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Africa Drought Sparks Human-Animal Conflicts September 30, 2011
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Dwindling water holes and food supplies are driving hungry and thirsty animals into Kenyan communities.
East Africa’s parching drought has caused further conflicts between Kenya’s human population and the wild animals that normally inhabit nature preserves.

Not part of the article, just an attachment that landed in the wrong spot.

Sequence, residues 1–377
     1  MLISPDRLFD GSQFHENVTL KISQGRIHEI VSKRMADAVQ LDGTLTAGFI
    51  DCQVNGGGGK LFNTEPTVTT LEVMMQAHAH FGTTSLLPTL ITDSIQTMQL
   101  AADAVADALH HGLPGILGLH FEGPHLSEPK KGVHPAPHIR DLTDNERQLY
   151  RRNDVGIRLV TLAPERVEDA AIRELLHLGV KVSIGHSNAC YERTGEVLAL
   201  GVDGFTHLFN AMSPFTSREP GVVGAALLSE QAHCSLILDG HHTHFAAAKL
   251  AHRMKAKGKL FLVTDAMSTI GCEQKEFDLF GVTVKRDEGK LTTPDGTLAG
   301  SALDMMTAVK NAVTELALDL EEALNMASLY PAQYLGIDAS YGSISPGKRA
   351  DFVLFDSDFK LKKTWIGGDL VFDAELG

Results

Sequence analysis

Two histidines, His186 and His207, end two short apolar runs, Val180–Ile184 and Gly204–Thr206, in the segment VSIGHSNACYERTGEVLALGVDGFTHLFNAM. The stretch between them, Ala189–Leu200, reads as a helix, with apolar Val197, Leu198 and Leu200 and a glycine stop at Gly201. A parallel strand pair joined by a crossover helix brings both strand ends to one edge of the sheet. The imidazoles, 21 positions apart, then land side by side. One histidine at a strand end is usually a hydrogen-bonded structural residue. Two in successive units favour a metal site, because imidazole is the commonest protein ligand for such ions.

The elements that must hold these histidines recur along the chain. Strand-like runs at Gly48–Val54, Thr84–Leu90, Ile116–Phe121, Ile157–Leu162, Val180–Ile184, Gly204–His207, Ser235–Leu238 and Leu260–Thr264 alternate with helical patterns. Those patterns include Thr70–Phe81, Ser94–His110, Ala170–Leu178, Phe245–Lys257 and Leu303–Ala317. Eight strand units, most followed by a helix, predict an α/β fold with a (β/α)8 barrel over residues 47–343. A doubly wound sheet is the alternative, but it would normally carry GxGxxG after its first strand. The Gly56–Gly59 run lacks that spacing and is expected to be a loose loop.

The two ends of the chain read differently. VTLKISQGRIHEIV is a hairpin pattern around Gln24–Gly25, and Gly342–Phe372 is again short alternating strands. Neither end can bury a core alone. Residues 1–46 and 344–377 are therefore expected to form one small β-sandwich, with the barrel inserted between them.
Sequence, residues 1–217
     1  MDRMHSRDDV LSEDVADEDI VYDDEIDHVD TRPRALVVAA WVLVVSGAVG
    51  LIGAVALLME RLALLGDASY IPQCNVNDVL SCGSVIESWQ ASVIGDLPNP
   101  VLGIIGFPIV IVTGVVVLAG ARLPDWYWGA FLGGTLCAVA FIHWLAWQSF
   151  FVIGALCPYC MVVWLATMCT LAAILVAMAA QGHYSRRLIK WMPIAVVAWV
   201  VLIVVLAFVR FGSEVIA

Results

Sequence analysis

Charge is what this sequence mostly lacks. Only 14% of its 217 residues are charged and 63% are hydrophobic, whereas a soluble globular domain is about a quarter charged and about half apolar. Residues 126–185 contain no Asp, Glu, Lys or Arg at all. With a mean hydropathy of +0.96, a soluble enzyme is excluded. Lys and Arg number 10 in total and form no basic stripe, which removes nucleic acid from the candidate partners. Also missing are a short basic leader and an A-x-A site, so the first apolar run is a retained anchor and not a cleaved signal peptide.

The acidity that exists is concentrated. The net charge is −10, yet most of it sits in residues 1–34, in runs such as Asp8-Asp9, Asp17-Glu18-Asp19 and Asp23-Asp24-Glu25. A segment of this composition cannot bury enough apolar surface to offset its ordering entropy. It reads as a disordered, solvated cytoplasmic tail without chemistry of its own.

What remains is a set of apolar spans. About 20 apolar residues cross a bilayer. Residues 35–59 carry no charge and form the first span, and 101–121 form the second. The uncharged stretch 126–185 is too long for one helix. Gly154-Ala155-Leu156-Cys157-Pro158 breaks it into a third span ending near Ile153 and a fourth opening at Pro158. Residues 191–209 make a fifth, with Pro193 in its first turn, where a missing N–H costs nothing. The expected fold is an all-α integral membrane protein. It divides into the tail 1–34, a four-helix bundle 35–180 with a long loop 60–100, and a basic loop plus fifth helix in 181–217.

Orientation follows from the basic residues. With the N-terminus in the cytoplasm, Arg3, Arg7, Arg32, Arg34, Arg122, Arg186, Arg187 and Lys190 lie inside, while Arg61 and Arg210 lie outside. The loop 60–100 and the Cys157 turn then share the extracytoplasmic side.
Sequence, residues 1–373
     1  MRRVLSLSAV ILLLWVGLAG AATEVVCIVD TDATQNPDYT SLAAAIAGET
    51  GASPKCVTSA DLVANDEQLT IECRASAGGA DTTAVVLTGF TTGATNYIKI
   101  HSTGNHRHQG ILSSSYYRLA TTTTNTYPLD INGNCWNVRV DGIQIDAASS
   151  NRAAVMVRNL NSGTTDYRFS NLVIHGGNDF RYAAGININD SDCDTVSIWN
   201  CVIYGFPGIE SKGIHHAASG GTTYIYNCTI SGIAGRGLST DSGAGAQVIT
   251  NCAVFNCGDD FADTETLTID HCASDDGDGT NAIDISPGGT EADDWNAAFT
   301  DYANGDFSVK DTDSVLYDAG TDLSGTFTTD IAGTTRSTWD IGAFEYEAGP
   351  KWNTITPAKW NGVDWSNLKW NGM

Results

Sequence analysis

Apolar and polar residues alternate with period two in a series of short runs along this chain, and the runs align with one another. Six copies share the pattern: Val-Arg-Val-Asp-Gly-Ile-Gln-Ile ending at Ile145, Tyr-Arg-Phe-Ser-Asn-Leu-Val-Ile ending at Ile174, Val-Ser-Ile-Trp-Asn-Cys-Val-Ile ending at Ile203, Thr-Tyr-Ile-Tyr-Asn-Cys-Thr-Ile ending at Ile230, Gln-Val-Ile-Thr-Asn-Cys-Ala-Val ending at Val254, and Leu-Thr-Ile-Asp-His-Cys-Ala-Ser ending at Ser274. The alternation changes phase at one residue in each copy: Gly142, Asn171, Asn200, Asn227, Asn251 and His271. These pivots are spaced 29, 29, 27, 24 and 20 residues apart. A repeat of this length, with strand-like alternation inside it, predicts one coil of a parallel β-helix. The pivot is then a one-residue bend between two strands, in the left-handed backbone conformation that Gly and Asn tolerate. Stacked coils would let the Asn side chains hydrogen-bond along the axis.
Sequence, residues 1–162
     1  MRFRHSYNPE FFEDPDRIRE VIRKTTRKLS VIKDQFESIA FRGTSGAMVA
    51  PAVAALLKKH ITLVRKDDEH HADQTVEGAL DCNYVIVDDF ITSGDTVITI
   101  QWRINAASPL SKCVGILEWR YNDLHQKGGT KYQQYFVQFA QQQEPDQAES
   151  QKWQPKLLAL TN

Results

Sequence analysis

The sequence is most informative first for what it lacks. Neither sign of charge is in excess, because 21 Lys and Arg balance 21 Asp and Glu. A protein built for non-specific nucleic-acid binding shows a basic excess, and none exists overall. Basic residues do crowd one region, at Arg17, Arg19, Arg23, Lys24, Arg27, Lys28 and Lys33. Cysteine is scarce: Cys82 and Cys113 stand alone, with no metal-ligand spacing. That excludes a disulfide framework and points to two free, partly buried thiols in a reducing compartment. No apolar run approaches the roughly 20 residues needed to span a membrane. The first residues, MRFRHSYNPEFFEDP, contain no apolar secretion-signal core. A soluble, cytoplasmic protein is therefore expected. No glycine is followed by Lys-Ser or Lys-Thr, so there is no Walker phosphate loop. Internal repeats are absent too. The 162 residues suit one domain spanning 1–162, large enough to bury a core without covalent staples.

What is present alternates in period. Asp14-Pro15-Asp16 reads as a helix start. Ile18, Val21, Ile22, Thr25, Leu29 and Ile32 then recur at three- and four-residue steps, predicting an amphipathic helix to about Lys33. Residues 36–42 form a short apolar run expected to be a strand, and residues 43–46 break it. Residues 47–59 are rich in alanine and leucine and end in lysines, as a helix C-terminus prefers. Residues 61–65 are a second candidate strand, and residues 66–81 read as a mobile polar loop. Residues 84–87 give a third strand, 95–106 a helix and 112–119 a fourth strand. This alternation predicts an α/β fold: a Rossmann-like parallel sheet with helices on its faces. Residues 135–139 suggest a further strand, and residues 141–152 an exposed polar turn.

The Nairobi Star reports that rogue wild animals, in search of water and food, have invaded several villages in recent weeks, critically injuring at least four people.

More than 10 people in total narrowly escaped death after being attacked by hippos, elephants and buffalo, the paper said.

Local hospitals reported the number of injured patients was increasing daily.

A 10-mile-long electric fence is being erected along Mount Kenya’s Kangaita forest to prevent wild animals from invading private farms.

A moat constructed in 1997 to keep out marauding elephants has dried up during the current drought.

Photo: Michelle Bissette